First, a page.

About Maradona '86
In the 1986 World Cup, Diego Maradona, the world's greatest football player, reached his apotheosis, redefining what is possible for one man to accomplish on a football pitch. His ability to take control of the ball -- the game -- an entire tournament -- split the world in two.
It was both illuminating and an affront, beguiling and an outrage, and the fervor that surrounded him was unprecedented, bordering on the religious. Constructed from archive material, "Maradona '86" is an ode to this ultimate footballing idol, basking in the operatic intensity of his performance in Mexico as he wrote his name on football history forever.
I didn't come to this film as a fan of Maradona, I have always had mixed feelings about him. One one hand I could see his talent is extraordinary -- he is a footballing phenomenon -- but the flaws and histrionics of his character affronted my somewhat straight-laced, northern European sensibility and, I'm afraid to say, tainted my appreciation of him.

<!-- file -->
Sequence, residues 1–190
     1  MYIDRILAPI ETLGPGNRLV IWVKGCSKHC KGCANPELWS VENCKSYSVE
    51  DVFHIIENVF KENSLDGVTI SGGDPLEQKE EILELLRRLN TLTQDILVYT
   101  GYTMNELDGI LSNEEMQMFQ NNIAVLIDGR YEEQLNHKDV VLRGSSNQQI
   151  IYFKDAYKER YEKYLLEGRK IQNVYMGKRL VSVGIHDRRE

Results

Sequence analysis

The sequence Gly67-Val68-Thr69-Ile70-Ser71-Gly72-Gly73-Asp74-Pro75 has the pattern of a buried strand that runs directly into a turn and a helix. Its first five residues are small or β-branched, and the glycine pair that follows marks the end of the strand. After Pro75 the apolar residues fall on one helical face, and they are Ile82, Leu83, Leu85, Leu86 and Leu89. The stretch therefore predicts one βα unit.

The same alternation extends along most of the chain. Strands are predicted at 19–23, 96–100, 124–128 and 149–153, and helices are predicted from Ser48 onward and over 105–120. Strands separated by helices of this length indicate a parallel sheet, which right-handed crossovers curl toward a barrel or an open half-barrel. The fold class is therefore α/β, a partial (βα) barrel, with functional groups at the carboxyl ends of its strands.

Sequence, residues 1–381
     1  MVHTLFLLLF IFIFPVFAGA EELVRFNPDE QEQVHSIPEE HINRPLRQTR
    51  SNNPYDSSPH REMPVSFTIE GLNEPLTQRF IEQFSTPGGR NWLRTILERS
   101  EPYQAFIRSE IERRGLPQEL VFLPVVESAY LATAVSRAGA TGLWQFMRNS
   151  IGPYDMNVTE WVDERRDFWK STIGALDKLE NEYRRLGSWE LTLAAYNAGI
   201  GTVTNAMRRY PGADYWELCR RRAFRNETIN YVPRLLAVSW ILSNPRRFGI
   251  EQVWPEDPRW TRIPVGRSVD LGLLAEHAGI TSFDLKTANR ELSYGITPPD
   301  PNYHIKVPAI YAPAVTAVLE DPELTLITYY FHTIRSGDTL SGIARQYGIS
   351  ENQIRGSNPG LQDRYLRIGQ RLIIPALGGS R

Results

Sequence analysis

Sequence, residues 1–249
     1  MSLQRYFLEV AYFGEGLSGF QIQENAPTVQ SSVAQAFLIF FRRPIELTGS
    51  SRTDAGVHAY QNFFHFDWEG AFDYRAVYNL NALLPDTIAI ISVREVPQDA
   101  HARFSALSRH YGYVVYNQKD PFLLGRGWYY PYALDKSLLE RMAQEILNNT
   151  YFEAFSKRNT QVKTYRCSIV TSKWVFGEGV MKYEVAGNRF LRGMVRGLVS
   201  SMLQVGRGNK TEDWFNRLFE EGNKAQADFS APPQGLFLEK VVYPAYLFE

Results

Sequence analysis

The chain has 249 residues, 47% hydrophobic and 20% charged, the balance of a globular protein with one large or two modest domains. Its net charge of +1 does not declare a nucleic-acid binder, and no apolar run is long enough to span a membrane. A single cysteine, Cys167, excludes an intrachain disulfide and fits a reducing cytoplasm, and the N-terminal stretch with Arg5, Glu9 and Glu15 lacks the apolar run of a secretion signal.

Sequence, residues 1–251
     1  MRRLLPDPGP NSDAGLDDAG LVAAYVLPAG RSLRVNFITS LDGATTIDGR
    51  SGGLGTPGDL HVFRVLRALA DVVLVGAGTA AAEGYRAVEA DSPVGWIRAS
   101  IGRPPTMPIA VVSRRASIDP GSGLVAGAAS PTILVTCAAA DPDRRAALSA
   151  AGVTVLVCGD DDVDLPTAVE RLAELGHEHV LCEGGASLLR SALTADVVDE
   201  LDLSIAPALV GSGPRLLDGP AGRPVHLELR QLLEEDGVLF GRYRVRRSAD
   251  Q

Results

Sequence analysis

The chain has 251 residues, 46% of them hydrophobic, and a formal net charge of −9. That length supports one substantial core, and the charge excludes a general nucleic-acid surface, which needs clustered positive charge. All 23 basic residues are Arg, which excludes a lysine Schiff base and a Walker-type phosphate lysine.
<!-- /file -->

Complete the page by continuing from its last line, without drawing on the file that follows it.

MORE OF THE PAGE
Making this film was a way for me to explore this contradiction and try to see Maradona from a viewpoint other than my own. Like any fascinating character, it is, of course, his flaws that make him so compelling and our love of football is as much about character and story as it is about kicking a ball. Of all the footballing idols, Maradona most embodies the operatic charge of the sport -- the agony, glory and romance -- and as such "Maradona '86" is a hymn to the great theater of football and its most beguiling player.
Sam Blair is a documentary filmmaker and graduate of the UK's National Film and Television School. His debut feature "Personal Best," a portrayal of young British sprinters, was backed by the British Film Institute, received a nationwide cinema release and was longlisted for the British Film Awards.
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